These postcards of the capital (then known as Constantinople) of the Ottoman Empire at the close of the 19th century were produced using the Photochrom process. The technique applies layers of artificial color to a black and white image with surprisingly realistic results.
These vibrant snapshots of daily life in America in the 1900s were popular Photochrome postcards – created by blending photography and early colour printing techniques. From the Lucky Strike billboards to the Chicago railway track that opened up travel to all, these tourist souvenirs were printed in their millions each year and offer a detailed journey into the past. They were taken in a decade when the United States was on the cusp of its Industrial Revolution bouncing back from the depression of the 1890s. Immigration was beginning to boom and while the country was still largely rural, pioneers such as JP Morgan and Andrew Carnegie were starting to shape history.
These postcards of Belle Époque Venice were printed by the Detroit Publishing Company using the Photochrom process, a time-consuming and exacting technique by which convincing layers of artificial color are applied to black and white photos and reproduced.
This widely circulated collection was created in the 1960s and 1970s by the talented photographer John Hinde. His vibrant images depict sun-drenched days in London, rural Ireland and some of Britain’s best-loved beaches. His studio became one of the world's most successful postcard companies selling over 50 million annual postcards.
Shakespeare & the Players is an online exhibition of nearly
1,000 postcards featuring many famous English and American actors who
performed Shakespeare’s plays for late Victorian and Edwardian
audiences. The postcards date from around 1880 to 1914, encapsulating an important era in not just postcard history, but Shakespeare history and world history
as well. The site showcases postcards featuring the dominating actors
of the time in roles from some of the more popular and oft-performed
The evolution of sex appeal: 100-year-old postcard images of 'sexy' women from around the world show how the idea of a perfect pin-up has gone from dainty and demure to raunchy and risque. These days, if you send a postcard home from your travels (and not just an email), it's likely to feature an image of a famous landmark like the Eiffel Tower, the Trevi Fountain, the Empire State Building, or perhaps - depending on your pen pal - a picture of a stunning woman posing provocatively on a beach while wearing a barely-there bikini. But while these stereotypical 'wish you were HER' style postcards are today deemed to be somewhat tacky, a century ago, postcards featuring photos of women were much more commonplace - specifically, photos of pretty women who represented the beauty ideals and fashion trends of the day in any particular place in the world.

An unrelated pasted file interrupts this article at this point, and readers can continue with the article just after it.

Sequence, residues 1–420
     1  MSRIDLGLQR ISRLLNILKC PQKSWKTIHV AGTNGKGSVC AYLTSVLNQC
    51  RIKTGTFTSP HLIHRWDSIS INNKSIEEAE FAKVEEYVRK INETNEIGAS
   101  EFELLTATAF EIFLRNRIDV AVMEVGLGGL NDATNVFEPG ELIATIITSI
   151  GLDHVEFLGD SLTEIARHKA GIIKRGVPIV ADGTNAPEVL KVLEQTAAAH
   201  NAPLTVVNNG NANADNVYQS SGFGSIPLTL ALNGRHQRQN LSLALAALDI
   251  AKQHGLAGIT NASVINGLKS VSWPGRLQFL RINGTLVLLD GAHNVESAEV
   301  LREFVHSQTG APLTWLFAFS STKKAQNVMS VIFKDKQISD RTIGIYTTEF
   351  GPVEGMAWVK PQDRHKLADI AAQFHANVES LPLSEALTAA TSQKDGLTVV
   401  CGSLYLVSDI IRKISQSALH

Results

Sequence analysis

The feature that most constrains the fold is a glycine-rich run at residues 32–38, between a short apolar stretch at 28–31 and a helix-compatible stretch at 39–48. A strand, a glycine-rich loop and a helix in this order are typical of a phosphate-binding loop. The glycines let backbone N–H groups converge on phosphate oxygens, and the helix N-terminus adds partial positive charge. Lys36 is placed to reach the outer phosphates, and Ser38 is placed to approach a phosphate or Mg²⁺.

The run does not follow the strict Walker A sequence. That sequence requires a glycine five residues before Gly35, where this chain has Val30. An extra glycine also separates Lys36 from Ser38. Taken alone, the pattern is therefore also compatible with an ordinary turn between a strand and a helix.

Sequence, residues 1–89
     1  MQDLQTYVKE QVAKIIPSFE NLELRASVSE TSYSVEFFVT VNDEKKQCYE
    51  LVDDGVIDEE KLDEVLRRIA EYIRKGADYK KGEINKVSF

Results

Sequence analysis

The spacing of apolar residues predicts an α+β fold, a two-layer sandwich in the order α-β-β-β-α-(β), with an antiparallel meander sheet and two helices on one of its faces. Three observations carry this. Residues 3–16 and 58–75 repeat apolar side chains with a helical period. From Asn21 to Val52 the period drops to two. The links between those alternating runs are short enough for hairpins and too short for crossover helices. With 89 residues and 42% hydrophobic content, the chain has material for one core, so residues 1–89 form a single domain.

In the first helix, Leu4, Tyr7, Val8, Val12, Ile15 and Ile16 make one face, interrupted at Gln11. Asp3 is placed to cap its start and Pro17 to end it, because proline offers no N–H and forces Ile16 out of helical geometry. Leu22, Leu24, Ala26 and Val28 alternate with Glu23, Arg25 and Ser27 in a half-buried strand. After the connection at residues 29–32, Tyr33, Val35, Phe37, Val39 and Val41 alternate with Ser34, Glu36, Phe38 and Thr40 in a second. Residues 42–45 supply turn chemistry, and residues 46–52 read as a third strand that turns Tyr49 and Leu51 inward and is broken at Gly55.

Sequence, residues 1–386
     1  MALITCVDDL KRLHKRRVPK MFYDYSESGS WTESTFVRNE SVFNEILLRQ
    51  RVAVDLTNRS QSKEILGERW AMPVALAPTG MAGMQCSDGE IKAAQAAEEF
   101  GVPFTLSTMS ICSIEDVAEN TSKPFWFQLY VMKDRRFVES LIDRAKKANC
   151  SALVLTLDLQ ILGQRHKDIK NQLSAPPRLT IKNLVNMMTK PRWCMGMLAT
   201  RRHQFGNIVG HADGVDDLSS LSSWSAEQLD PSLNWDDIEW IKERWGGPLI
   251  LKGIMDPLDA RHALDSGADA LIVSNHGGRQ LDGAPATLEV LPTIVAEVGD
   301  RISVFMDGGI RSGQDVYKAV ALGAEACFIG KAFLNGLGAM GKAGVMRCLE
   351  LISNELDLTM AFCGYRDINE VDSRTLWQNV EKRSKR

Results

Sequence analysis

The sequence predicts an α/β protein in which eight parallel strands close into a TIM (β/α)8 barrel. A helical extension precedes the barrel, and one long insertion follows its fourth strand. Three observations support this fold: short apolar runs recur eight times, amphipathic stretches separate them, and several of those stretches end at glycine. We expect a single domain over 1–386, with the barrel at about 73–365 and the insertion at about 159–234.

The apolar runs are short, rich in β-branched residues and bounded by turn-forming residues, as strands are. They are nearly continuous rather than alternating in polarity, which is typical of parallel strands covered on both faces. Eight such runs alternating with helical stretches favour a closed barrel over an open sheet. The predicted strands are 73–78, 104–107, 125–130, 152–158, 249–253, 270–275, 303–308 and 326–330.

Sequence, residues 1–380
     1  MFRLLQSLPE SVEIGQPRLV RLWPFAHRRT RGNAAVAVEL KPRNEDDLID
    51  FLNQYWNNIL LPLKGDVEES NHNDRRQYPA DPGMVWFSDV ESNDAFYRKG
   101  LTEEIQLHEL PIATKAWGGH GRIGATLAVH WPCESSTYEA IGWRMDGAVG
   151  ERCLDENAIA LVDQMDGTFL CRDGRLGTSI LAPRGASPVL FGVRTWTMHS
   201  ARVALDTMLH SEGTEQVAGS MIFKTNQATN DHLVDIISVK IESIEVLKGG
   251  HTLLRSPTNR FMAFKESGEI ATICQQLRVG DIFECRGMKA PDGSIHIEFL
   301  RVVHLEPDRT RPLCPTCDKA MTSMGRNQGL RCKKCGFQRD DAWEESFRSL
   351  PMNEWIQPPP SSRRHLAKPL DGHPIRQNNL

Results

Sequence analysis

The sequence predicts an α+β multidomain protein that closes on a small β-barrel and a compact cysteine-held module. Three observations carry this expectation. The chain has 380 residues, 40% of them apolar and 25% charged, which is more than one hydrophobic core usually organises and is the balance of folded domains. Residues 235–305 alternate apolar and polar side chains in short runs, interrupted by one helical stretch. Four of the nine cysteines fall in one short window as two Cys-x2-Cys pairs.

THESE remarkable images from more than 100 years ago give a fascinating insight into a bygone Sussex. They are among an amazing collection of more than 200 postcards featuring all parts of the county from Hastings to Selsey and Brighton to Crawley, bringing a lost era back to life. Following the death of their owner, they went up for auction yesterday, selling for more than £40,000.
The story of how the cards were discovered is the stuff that hidden-treasure dreams are made of. Attics, garages, barns and flea markets have been typical finding places for spectacular and miraculous collectibles discoveries. But a crumbled brown paper bag has yielded what Forbes magazine called one of the greatest baseball card finds in history: Seven Ty Cobb tobacco cards.